Hey everyone, lets talk about the Model-View-Controller (MVC) architecture. Writing programs has always been a combat against rising complexity. MVC exploded in popularity around
the 2000s when web programming became popular. Today I’ll be talking about how MVC can be a toolkit in your development. The traditional approach of programming works on
Input -> Process -> Output approach while MVC works on Controller → Model -> View.
Unfortunately, the traditional approach usually means the UI coding, the module data, and the module functions are all written in one file. As one can imagine, as the file grows
the costs of maintaining all three parts of the code grows, not to mention its lack of testability. This is where MVC comes in. MVC splits the logic three ways: Input, UI, and Data.
The UI logic belongs in the View, the input in the Controller, and the data in the Model.
This separation helps tremendously as each file is dedicated to implementing one thing. So now instead of implementing a ball of spitfire, you’re implementing three different
parts of it, then joining them together.
- Model: This is the main logic of the module. Anything that deals with backend stuff that only programmers care about belongs here.
- View: Views are components that display the UI. Any logic to do with UI goes here. Typically, this reads the model data, and generates the UI based off that.
- Controller: This component handles user interactions, work with the model, and ultimately select a view to render that displays UI. In an MVC application, the view only displays information;
the controller handles and responds to user input and interaction.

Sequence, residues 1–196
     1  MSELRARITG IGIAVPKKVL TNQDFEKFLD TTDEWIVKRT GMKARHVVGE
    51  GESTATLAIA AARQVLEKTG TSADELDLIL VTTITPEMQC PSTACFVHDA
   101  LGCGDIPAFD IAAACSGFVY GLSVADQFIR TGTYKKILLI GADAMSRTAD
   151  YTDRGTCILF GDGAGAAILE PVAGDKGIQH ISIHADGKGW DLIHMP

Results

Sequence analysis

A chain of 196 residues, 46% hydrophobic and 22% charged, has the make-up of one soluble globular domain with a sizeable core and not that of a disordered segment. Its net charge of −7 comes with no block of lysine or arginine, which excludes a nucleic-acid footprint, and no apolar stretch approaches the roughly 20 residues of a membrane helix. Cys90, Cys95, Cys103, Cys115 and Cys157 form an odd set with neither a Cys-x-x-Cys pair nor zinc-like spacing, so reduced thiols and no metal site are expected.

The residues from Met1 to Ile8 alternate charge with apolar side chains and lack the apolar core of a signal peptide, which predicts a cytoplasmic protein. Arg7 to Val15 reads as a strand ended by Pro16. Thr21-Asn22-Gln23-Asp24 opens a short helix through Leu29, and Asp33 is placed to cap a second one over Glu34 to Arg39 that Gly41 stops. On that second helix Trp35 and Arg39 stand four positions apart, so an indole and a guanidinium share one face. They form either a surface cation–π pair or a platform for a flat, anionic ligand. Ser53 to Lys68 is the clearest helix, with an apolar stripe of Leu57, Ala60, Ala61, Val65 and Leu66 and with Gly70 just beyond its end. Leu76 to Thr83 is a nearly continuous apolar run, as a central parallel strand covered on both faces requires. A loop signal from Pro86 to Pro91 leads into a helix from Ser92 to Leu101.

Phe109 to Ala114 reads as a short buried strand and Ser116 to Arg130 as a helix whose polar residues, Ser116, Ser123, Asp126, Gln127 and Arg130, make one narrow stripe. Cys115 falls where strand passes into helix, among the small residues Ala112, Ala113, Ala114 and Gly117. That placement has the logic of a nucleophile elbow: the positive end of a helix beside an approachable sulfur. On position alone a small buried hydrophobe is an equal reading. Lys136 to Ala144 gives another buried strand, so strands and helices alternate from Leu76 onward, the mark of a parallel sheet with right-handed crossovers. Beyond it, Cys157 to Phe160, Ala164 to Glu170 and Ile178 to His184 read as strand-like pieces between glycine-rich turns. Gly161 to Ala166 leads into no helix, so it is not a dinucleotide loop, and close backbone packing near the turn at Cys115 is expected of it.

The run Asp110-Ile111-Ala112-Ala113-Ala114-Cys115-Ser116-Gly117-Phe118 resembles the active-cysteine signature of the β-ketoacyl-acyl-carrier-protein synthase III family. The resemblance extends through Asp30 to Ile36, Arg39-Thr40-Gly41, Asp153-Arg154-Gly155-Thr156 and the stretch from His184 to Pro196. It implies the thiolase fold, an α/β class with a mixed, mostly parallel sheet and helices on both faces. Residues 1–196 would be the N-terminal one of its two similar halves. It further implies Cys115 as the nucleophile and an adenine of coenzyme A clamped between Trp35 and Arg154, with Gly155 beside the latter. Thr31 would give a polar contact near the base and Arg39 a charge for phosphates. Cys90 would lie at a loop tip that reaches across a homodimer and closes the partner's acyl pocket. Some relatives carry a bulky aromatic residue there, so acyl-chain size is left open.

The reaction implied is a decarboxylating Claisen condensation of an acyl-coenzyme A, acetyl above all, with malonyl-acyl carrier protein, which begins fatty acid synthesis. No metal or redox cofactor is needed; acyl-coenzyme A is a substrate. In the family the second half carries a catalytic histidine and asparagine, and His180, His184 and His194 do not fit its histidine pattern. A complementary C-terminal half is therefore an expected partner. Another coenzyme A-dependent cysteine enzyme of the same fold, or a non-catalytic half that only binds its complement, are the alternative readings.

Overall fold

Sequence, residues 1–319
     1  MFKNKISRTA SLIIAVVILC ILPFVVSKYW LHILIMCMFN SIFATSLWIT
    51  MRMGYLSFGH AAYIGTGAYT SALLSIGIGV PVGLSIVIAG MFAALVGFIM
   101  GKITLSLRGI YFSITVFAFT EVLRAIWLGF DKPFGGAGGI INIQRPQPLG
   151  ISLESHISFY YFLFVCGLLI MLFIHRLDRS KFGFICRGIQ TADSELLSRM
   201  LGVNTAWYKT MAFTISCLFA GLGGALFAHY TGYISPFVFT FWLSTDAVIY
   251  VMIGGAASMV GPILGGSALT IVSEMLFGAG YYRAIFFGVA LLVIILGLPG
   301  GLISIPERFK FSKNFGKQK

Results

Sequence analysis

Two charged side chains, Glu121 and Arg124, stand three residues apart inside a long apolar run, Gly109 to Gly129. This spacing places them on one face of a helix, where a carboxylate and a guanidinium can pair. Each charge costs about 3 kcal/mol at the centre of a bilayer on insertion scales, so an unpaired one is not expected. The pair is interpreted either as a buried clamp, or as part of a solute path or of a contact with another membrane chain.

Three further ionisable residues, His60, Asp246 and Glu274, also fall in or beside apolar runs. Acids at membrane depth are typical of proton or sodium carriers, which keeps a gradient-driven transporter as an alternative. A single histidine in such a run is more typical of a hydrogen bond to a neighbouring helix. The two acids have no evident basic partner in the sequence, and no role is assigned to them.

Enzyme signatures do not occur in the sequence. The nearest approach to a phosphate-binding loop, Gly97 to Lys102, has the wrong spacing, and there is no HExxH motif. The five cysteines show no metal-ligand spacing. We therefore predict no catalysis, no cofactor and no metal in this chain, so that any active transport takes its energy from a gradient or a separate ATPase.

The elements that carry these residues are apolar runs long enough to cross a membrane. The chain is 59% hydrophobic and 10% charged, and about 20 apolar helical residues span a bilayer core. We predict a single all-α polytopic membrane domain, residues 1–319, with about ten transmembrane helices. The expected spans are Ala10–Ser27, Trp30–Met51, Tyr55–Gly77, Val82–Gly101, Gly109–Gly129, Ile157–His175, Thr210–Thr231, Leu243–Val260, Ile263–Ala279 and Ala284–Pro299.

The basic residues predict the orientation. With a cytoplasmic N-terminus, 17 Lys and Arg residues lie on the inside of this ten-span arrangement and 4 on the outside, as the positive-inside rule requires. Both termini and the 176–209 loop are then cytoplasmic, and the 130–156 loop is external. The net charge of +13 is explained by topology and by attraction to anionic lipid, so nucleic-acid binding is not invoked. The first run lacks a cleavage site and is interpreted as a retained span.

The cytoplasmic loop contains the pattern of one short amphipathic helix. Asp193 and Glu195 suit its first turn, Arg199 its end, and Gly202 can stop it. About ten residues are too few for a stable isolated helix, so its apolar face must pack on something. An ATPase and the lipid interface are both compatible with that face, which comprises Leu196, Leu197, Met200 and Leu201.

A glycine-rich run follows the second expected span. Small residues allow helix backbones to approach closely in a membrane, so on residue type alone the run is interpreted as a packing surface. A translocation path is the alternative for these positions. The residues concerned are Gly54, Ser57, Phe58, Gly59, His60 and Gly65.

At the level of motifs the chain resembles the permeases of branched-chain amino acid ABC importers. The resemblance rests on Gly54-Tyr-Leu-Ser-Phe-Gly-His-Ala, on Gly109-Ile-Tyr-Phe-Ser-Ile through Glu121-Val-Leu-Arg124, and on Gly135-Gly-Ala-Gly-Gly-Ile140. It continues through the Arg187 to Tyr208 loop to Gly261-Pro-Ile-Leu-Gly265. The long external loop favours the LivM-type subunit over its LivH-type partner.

The core concepts of MVC are to split things such that they are not dependent on each other. As such, the Model, View, and Controller can be swapped out anytime.
For example, if the View were to be swapped out, it would still be referencing the same Model and Controller.
The diagram below shows what model takes data from, and is aware of, whom. The Controller takes data from both View and Model, while the View takes data from the Model.
MVC has been around for a long time now, and there are many variants of MVC flying around. In game development, a popular model is the M-VC (Model - ViewController). In this model,
the View and Controller are mixed together because its been implemented in the Engine (Unity for example). So your UI script would be a ViewController, and it will have a reference
to the Model it needs to modify.
Another popular model is the MVVM (Model-View-ViewModel). This model abstracts the View from the Model, putting a ViewModel class in between.
As with other software patterns, MVC expresses the “core of the solution” to a problem while allowing it to be adapted for each system.
Particular MVC designs can vary significantly from the traditional description.
- Parallel Development - The MVC modules are all separate from each other, meaning they can be simultaneously developed.
- Better prediction of schedule - By splitting apart one giant module, a programmer has an easier time estimating the development time of such module.
- Low Coupling - By its architecture, there is low coupling between all three modules. Swap the View, and you have a UI completely different.
- Scalability - Responsibility of code is clear, thus it is much easier to maintain and scale the individual modules.
- Low navigability - The code is now harder to navigate because of a new abstraction, and this abstraction requires the user to first understand how responsibility each part
of MVC takes.
- Scattering of code - Code is now more scattered. Developing a consistent representation in three different compositions can be harder.
At the end of the day, MVC is a tool to help decouple features and navigate complexity in code. A hallmark of bad MVC are hacks that allow the Module and View to talk to each
other. This is very frowned upon as it completely breaks the reason why the architecture is used. A proper implementation would mean the Model does not even need to be
aware of the View, as long as the View is fed a Model.